This week, we’re engulfed in the coverage around the unbelievable damage wreaked upon the Northeast by Hurricane Sandy. While tracking the path of Sandy ahead of time helped cities in the Northeast to take some proactive steps to prepare their communities - like evacuating residents, closing down the NYSE, and shutting down public transportation – the “Frankenstorm” had some unforeseen and surprising side effects: The flooding in Manhattan took down several major websites and services, including The Huffington Post, Buzzfeed and Gawker, that relied on Manhattan-based data centers to run their businesses. Some data centers weathered the store with backup generators, but as they run out of fuel, even more businesses are in danger of major disruption.
Gawker publisher Nick Denton summarized it concisely in a twitter post on Tuesday: “How dumb to locate datacenter in a flood zone. And how dumb to host Gawker servers there.”
Why weren’t these businesses better prepared, especially based on the availability of data?
No doubt, the risk was somewhere in the data, but the data apparently failed to not only alert these businesses of the danger, but to also prescribe a course of action. Isn’t this the promise of Big Data?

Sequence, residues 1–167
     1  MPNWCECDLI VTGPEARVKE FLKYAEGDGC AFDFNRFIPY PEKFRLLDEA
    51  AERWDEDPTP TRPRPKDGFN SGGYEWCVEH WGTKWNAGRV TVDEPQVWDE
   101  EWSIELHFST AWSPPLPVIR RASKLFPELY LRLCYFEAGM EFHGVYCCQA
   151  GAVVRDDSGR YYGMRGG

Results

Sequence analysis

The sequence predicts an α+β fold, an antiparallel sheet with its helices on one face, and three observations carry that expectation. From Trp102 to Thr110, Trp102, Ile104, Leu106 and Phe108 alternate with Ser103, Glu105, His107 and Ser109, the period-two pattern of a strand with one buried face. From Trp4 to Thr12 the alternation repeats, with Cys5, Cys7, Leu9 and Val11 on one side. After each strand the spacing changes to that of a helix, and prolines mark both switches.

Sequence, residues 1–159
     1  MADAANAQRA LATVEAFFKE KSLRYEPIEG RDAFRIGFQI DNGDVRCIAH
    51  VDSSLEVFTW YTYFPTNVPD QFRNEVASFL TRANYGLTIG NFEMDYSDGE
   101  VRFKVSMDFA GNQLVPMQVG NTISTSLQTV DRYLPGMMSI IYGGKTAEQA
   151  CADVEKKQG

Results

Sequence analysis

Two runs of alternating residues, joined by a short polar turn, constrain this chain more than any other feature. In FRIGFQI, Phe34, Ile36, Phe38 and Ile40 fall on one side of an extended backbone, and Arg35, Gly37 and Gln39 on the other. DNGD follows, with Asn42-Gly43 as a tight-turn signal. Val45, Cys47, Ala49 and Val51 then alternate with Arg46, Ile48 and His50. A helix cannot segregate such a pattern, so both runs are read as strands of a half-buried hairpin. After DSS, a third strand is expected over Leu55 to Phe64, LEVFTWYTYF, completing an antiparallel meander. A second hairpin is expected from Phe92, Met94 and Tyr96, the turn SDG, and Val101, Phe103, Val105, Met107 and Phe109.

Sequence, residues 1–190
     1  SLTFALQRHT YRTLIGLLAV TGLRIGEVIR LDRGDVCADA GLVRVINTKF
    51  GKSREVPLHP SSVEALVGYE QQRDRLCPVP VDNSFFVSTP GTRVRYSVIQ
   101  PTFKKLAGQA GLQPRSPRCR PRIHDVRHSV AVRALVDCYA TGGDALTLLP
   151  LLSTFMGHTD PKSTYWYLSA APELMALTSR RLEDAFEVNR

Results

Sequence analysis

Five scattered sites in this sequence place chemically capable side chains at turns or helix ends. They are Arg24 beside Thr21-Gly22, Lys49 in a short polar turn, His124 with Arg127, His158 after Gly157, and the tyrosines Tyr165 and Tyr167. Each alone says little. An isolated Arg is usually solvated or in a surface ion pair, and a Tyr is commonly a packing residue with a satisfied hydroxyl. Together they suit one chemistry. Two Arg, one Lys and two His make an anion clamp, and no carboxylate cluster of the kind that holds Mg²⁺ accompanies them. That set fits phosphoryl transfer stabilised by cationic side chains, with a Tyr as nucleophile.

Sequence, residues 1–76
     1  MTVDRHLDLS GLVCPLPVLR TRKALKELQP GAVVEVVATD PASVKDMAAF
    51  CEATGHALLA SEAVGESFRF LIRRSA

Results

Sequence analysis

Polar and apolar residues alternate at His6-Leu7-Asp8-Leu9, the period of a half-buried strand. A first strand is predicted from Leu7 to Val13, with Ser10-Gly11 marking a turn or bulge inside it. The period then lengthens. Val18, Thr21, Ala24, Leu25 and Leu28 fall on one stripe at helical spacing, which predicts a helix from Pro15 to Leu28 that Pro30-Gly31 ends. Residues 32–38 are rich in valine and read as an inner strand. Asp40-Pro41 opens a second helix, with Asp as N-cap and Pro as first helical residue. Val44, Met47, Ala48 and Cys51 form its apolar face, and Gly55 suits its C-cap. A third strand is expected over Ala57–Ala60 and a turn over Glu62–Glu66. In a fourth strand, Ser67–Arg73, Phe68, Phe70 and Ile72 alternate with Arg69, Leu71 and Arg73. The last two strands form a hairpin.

But that’s exactly the problem: it’s not the Data, Dummy! Data is now as plentiful as dirt. Most organizations are storing the data, processing the data, reporting on the data – but where’s the magic of foresight? How do organizations get the data to start talking to them, tapping them on the shoulder, telling them to pay attention to THIS, not that!
To achieve this level of insight without a team of data scientists hovering over massive super computers requires advanced mathematical algorithms that fuel more nimble software applications. This approach can sift through all the data without breaking it down to process it in order to look for patterns, automatically surfacing the critical connections and muting the unimportant ones (detecting the signal from the noise). The same technology that can tell a police department “Hey, this coffee shop might get robbed on Friday” can inform a business if they need to relocate data centers.
Clearly, this isn’t a crystal ball, wand-waving, pull-a-rabbit-out-of-the-hat-type of magic. It’s more of a butterfly effect – it’s building in the data – and we need smarter ways to detect it to prepare for that hurricane.
Then we won’t be some dumb about our business decisions.
-Shannon Rentner, Director of Marketing